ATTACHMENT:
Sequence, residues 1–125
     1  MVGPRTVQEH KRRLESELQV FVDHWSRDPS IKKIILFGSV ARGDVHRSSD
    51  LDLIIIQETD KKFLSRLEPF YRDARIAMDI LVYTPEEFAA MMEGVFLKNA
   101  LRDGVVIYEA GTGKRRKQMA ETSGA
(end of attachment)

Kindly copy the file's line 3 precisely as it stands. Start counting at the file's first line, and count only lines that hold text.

    51  LDLIIIQETD KKFLSRLEPF YRDARIAMDI LVYTPEEFAA MMEGVFLKNA